President Barack Obama warned Congressional Republicans on Saturday against playing a "dangerous game" with the economy as lawmakers prepared for a new battle over the national debt ceiling.
But the Democratic president also congratulated lawmakers for passing an 11th-hour deal that avoided the so-called fiscal cliff.
Signed into law on Thursday, the compromise raised taxes on the wealthiest Americans while avoiding a tax hike on the middle class that "could have thrown our economy back into recession," Obama said in his weekly radio address.
But new battles are brewing after the deal delayed by two months a debate over raising the country's $16.4 trillion borrowing limit and more than $100 billion in automatic spending cuts for military and domestic programs.
If Congress fails to clinch a deal to allow more government borrowing, it risks causing the government to default on its bills and financial obligations.
Republicans, who accepted the fiscal cliff deal without any significant spending cuts, are now demanding concessions on expenditures in return for allowing the ceiling to rise.
Yet Obama vowed that he "will not compromise" on insisting that Congress raise the federal debt ceiling. The US credit rating was downgraded in 2011 when lawmakers threatened to leave the debt ceiling as it stood.
"If Congress refuses to give the United States the ability to pay its bills on time, the consequences for the entire global economy could be catastrophic," he said.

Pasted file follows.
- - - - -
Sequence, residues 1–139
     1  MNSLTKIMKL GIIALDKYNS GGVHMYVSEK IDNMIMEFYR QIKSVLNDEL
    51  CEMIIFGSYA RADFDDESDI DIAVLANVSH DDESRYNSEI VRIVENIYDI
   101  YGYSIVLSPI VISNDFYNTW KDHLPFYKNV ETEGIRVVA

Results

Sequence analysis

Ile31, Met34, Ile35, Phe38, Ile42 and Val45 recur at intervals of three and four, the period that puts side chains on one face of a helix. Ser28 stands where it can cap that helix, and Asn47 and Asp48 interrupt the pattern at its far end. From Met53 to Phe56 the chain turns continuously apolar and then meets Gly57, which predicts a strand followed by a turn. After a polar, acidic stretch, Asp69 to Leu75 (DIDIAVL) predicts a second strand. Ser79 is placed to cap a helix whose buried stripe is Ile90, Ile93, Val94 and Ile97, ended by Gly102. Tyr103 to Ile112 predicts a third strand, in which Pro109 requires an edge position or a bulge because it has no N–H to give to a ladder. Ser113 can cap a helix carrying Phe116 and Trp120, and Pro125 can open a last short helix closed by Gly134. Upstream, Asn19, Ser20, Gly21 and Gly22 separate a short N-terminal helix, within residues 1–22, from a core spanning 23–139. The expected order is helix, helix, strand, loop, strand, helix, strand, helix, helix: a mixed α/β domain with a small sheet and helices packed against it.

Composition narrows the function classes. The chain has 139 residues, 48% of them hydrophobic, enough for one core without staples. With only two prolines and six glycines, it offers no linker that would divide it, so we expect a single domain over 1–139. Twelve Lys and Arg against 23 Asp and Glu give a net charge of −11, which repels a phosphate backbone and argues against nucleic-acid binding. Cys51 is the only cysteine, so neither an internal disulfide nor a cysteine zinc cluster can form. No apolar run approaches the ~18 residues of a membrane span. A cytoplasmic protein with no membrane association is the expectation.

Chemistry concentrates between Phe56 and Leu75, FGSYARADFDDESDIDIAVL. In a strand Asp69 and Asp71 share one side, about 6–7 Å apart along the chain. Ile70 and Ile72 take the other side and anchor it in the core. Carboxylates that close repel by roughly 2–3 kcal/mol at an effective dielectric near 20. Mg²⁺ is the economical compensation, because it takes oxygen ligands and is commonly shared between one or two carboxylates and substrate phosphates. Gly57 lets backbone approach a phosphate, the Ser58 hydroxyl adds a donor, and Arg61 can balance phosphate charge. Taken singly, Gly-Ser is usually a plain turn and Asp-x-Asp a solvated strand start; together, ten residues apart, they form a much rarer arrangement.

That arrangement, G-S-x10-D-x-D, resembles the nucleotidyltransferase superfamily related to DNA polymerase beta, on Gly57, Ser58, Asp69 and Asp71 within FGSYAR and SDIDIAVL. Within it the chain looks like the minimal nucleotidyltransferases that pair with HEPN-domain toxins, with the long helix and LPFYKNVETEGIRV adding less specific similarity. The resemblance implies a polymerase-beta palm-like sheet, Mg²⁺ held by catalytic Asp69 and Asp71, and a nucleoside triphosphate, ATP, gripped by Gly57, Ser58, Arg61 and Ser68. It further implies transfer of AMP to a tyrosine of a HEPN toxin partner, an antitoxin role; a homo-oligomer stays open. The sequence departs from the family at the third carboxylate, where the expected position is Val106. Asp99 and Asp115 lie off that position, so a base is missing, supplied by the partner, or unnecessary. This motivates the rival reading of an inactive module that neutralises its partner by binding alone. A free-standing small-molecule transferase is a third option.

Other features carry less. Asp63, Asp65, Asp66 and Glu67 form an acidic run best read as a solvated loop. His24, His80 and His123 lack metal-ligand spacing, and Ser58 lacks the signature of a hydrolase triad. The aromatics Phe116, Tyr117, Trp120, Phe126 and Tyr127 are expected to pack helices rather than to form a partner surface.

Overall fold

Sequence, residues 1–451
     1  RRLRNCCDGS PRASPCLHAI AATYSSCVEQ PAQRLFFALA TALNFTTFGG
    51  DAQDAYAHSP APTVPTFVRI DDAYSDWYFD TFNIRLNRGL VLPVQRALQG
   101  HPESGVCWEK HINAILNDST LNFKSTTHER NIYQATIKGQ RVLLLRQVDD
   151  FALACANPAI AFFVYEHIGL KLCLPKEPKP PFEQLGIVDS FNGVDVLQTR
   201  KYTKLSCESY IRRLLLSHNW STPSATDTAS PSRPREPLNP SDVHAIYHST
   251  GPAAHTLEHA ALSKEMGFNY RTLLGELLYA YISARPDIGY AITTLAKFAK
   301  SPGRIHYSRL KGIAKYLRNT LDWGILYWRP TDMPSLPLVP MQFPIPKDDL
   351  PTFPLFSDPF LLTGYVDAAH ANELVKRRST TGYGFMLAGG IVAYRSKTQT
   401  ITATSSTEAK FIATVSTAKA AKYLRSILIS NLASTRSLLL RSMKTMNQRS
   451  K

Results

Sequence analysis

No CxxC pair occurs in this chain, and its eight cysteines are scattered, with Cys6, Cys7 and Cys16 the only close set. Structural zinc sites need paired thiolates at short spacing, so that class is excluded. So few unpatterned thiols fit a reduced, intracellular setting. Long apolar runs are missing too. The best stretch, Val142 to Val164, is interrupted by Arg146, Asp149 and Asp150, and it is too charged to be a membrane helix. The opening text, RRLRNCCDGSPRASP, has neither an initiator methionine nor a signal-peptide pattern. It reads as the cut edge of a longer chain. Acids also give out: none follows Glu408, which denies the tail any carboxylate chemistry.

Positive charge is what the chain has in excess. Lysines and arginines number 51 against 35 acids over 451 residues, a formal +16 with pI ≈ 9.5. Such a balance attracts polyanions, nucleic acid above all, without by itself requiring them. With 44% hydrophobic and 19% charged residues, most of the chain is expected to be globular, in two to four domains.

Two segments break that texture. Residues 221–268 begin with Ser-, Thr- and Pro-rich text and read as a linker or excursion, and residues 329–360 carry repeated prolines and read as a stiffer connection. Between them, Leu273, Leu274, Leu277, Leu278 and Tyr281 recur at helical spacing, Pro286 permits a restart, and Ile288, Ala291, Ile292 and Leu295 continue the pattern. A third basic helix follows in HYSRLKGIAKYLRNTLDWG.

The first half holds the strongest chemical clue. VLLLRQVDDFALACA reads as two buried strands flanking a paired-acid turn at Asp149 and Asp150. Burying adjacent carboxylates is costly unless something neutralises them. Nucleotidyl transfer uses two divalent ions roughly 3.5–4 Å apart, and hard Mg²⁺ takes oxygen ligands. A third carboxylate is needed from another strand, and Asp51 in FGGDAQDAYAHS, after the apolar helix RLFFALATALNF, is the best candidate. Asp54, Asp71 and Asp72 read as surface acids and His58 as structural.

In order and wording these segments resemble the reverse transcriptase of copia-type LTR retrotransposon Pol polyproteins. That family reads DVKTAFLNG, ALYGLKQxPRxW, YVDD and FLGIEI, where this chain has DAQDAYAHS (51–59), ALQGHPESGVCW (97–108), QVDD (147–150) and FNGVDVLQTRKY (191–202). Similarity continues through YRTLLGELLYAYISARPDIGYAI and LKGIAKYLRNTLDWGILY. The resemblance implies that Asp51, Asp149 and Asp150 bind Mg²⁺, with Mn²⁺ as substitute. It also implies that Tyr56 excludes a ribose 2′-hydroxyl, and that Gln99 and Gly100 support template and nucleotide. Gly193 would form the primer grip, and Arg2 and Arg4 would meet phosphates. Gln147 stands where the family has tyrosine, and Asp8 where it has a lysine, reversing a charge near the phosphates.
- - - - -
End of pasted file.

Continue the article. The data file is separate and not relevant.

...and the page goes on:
"Our families and our businesses cannot afford that dangerous game again."
House Speaker John Boehner has warned Republicans will ask for "significant spending cuts" and reforms of expensive programs that provide pensions and health care services for the elderly.
Obama said he backs spending cuts, but insists he will not shortchange education, job training, research and technology.
"Spending cuts must be balanced with more reforms to our tax code," he said.
"The wealthiest individuals and the biggest corporations shouldn't be able to take advantage of loopholes and deductions that aren't available to most Americans."
In the Republican address, House Ways and Means Committee Chairman Dave Camp of Michigan said that in addressing the debt limit, lawmakers "must identify responsible ways to tackle Washington's wasteful spending."
And he said American families know that "when you have no more money in your account and your credit cards are maxed out, then the spending must stop."
China is the largest foreign holder of US debt, owning about $1.2 trillion in US treasury bills, notes and bonds, according to the Treasury Department. In total, China owns about eight percent of publicly held US debt.
Camp accused the president and Democratic lawmakers of refusing to take "any meaningful steps to make Washington live within its means" and urged them to reconsider their position and join the fight on "wasteful spending."